[Video] Maxxis Dissector - The BRAND NEW Tire From Maxxis (First Ride & Overview)


Maxxis is at it again with another brand new mountain bike tire! Introducing...the Maxxis Dissector tire. Developed with the help of pro MTB racer Troy Brosnan, the Maxxis Dissector is the perfect rear tire to complement the Assegai upfront. With heavily ramped center knobs to reduce drag and sharp, flat edges to aid under heavy braking, the Dissector could be the perfect rear tire for those fast, loose, and chunky trails we all know and love. Although our time on the tire is limited, Liam was able to give an initial overview and first impressions. Let’s check it out!

    Maxxis Dissector Tire - First Ride and Overview

    Overview

    If you look around, depending on the conditions, most riders I see use the Maxxis Assegai upfront and a Minion DHRII in the rear. And while that is a great tire combo, there is always room for improvement. The Dissector features a row of tightly packed center knobs with an additional row of alternating knobs and a slight space in the center. These center knobs are ramped and provide fast-rolling speed while the spacing between them allows for the knobs to penetrate the soil. Along with the ramped front, the rear of the center tread is sharp and square to provide great control under braking. Small sipes along the tread help give extra traction while mitigating any knob squirm that might come from deep sipes.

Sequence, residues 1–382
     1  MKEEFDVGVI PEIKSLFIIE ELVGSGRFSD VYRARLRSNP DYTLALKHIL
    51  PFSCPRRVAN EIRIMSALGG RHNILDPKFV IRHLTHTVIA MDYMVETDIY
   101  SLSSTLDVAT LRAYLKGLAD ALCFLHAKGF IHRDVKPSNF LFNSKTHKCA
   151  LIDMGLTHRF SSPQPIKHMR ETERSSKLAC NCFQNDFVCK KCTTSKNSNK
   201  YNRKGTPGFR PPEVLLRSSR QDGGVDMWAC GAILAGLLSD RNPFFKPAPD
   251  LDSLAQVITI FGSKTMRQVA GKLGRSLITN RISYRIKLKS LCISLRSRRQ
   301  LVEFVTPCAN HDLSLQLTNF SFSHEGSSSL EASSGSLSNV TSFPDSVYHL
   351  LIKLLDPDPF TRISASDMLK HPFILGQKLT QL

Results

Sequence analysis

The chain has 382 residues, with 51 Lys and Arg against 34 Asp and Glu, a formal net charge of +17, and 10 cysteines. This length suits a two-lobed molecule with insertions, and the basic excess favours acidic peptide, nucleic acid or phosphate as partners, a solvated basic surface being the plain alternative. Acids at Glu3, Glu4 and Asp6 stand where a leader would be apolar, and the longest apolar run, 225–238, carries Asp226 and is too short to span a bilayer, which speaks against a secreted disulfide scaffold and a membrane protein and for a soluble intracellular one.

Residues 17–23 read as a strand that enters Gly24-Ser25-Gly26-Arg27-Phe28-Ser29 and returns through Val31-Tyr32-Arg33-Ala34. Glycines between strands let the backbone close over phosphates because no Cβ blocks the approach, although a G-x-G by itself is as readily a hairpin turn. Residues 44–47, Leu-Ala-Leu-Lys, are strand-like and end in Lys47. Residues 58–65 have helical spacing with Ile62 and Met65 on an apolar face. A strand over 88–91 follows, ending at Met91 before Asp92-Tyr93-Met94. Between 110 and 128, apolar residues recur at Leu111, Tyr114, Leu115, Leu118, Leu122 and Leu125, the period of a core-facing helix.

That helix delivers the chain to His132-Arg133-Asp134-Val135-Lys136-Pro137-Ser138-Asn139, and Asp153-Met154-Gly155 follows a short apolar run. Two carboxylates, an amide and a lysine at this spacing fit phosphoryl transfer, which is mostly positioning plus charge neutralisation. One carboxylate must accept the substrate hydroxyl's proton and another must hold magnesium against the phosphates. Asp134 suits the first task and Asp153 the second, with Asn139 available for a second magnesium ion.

Weight:

    • 27.5 x 2.4 (EXO) - 868g
    • 27.5 x 2.4 (DH) - 1133g

    Maxxis Dissector MTB Tire Review - Worldwide Cyclery

    Tread Design

    Moving out from the center tread, there is less of a “transition” knob than the Assegai, very similar to the Minion DHRII. While there is a gap between the center and side knobs, it's much less than a Minion DHF. An area in which the DHF lacks in my opinion, especially when it comes to riding on hardpack soil. The side knobs have a new design altogether, but you can tell it takes inspiration from all Maxxis downhill tires, the Minion’s, High Roller II and most recently the Assegai. The side knobs are the perfect size to not only grip hard but give support when WorldCup racers really need it. The gap between the center tread and side knobs also help with this as it gives room for the side knobs to really dig into the dirt. 

    The Dissector will be available in 27.5” and 29” variants, in 2.4WT for both EXO and DH casing options. There will also be a 2.6 version in EXO, perfect for those fun 27.5 bikes but also an option for 29” as well. The two casing options also happened to be on the lighter side of what is out there, while not 100% sure if these will be exact to production, we are happy to see a new tire that doesn't add a pound to our bikes. 

    Maxxis Dissector First Ride and Overview

    First Impressions